When Gene Gessow was called on by Governor Chet Culver last fall to head the state's Department of Human Services, he would not have known the misery it could cause him, but he could have guessed given the political football that DHS has been for lawmakers. With a budget shortfall and needs for human services likely to increase for the foreseeable future, it is troubling that Senate Republicans are lining up to block his confirmation. Gessow must receive 34 votes to be confirmed by the 50-member Senate (there are 32 Democrats and 18 Republicans in the Senate).
The DHS, which has 5,700 employees and a $4.6 billion annual budget is in a constant state of flux as Democrats and Republicans play tug o'war with its budget. Understanding this, Gessow wrote in a letter to DHS employees last week that "it is increasingly likely that budget cuts will require the Department of Human Services to significantly change the way we provide services to our customers beginning next fiscal year." This is short-hand for find ways to cut corners.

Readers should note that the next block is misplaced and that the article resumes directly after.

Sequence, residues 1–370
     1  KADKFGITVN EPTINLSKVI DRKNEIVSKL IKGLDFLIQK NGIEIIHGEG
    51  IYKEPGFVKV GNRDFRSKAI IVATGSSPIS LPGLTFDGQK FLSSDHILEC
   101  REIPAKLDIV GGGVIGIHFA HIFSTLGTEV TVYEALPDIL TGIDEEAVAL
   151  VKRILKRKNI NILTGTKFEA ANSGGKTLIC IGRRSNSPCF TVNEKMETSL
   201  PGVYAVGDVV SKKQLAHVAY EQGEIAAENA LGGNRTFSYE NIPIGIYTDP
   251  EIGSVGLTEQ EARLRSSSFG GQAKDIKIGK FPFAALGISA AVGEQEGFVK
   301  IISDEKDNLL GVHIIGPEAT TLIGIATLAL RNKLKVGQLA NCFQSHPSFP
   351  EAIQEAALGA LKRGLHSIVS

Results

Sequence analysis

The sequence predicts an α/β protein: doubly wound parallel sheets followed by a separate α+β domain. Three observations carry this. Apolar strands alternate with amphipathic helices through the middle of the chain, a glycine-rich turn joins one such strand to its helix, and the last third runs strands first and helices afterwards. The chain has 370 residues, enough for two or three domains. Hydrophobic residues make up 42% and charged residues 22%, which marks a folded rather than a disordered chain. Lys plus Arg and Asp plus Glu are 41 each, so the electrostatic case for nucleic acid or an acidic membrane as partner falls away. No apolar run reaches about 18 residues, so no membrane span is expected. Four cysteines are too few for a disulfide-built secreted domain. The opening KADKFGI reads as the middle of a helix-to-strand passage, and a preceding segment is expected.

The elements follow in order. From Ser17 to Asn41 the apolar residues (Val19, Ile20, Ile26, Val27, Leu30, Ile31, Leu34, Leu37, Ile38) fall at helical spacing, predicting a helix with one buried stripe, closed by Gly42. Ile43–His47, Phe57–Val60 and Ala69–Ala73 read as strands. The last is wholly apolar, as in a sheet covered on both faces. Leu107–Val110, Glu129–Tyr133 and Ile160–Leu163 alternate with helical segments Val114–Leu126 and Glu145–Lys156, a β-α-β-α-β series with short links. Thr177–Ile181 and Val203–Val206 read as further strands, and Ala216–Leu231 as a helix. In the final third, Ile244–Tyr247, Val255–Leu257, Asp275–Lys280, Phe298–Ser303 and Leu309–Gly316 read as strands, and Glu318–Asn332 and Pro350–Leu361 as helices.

In an article in today's Des Moines Register, State Senator Jack Hatch said that the DHS may soon have to cut 350 to 500 jobs and services."(Those) are some of the changes we know we will see when we pass this year's tough budget," said Hatch, who is among the lawmakers who set the DHS budget. The DHS is facing an 11.3 percent cut in state money for the next budget year. Federal stimulus money may help, but layoffs and service cuts are still possible, lawmakers said.
However, as an editorial in yesterday's Register points out, "Many federal dollars from the economic-stimulus legislation were intended to protect vulnerable Americans. Dollars were specifically targeted to child welfare, foster care, food stamps and homelessness. State cuts shouldn't result in cutting the very programs and people who serve vulnerable Iowans." For a director of such an agency, he shouldn't have to fight to continue doing his job at the exact time his agency needs a firm hand on the wheel.
Gessow is one of the more experienced human services administrators. He was the state's Medicaid Director and before coming to Iowa, Gessow was the director of Medical Services for the Maine Department of Human Services. He also served as the deputy secretary for finance in New Mexico and the budget director for Massachusetts Medicaid. While he is widely being hammered for the handling of the Attalisa worker situation, the problems there began long before he was appointed. To his credit, Gessow is working with other department leaders to address how to make reasonable regulatory changes.